White supremacy in Halifax

White supremacy in Halifax

Maxime Bernier and the People's Party of Canada come to town.
To understand the growing right-wing movements in this province, I subjected myself to the convention for Maxime Bernier’s People’s Party of Canada at the Atlantica Hotel in Halifax on Friday, January 18.

Trayvone Clayton shares his voice, his opinion

Halifax activist speaks out against racist incident in Ottawa.
My name is Travone Clayton, born and raised in Uniacke Square, Halifax.

The Wet’suwet’en struggle is far from over

The RCMP believed the fallout from their assault on the Wet’suwet’en would be contained and minimal. They have already been proven wrong.
Sixty-five kilometres up a logging road near Houston, British Columbia, just beyond a river from which you can drink directly, lies an unceded territory actively defended by its original people. To enter, you need to go through a free, prior, and informed consent protocol designed to keep people out who do not benefit the land and its people.

SCIENCE MATTERS: Pipeline blockade is a sign of deeper troubles

We must stand with the chiefs and land defenders in their efforts to protect the land, water and air that we all rely on for health, well-being and survival.
Recent controversy over a natural gas pipeline blockade and the differing priorities of hereditary chiefs and elected band councillors illustrates a fundamental problem with our systems of governance and economics.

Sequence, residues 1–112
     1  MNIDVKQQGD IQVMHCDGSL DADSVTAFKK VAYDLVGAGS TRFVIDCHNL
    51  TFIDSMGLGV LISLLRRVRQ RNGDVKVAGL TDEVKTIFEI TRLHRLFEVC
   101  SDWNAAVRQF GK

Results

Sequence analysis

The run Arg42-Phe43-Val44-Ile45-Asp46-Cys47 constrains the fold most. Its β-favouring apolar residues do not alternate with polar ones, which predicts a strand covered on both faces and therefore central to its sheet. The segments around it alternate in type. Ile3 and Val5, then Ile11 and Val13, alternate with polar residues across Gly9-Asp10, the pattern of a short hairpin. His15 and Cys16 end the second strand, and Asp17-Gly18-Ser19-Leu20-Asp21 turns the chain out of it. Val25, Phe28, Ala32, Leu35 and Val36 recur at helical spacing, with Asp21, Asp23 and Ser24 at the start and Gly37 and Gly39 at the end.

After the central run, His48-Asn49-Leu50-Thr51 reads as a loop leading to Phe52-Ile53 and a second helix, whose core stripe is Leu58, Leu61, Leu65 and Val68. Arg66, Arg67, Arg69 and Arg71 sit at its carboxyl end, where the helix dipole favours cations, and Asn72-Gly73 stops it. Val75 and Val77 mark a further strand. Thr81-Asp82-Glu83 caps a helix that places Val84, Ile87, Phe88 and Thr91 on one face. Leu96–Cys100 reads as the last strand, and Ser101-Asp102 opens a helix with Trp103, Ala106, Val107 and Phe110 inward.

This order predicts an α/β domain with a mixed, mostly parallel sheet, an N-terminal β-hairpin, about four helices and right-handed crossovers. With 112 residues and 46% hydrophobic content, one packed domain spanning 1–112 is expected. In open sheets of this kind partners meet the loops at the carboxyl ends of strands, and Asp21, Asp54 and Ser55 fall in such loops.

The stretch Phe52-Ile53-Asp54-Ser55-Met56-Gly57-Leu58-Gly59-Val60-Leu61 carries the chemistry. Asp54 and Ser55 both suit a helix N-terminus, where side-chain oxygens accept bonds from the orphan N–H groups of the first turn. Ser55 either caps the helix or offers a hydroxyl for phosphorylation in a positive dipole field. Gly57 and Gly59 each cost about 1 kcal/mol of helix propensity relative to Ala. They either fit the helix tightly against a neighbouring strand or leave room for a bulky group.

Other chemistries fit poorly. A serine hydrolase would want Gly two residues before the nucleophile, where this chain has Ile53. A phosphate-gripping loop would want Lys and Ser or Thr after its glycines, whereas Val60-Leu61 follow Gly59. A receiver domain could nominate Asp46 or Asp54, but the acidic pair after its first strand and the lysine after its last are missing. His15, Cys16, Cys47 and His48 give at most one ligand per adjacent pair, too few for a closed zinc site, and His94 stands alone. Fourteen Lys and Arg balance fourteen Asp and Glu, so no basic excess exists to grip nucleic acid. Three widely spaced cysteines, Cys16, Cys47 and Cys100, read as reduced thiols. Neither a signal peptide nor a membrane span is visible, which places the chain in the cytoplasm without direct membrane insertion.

Halifax's snow job on citizens

Our grandchildren will bear the financial burden of this city's decision into infamy.
After listening to all of the conversations surrounding the poor snow clearing jobs after the recent snow/rain storms, I have come to the conclusion the public is getting a snow job from our elected representatives when trying to explain why we are getting such poor service. Every time, when asked about improved services, the first thing every councillor and the mayor will say is that taxes will have to be increased, instead of really taking a hard look at the millions of taxpayer dollars being wasted on projects that benefit only the city core and interest groups like the Cycling Coalition, Ecology Action Centre, It’s More Than Buses, the new HRM Centre Plan and developer subsidies for cost overruns like the new YMCA, Ramia’s Convention Centre, Armoyan’s Arts and Cultural Centre, the $10 million streetscaping for Spring Garden Road and $50 million for tearing down the Cogswell Interchange.

My friend Willard

The neighbourhood lost a real one last week.
My friend Willard died on Friday.